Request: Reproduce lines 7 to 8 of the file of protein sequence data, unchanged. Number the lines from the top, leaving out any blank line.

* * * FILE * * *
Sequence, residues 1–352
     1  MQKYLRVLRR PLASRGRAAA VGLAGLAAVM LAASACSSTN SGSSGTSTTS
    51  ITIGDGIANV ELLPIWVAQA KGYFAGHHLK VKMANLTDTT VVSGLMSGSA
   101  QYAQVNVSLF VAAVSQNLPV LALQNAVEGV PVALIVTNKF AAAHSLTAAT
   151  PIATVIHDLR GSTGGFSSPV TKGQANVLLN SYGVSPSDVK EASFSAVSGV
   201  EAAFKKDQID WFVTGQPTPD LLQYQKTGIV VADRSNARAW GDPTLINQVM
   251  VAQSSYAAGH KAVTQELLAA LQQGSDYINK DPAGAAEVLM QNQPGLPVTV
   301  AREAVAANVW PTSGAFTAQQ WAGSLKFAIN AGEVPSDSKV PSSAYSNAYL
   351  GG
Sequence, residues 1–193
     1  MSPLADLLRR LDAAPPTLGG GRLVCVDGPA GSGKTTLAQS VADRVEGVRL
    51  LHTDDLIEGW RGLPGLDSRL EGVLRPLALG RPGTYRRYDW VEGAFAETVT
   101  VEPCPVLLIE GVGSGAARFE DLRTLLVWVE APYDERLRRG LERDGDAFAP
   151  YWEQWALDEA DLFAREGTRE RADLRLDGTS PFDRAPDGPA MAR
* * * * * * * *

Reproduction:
   251  VAQSSYAAGH KAVTQELLAA LQQGSDYINK DPAGAAEVLM QNQPGLPVTV
   301  AREAVAANVW PTSGAFTAQQ WAGSLKFAIN AGEVPSDSKV PSSAYSNAYL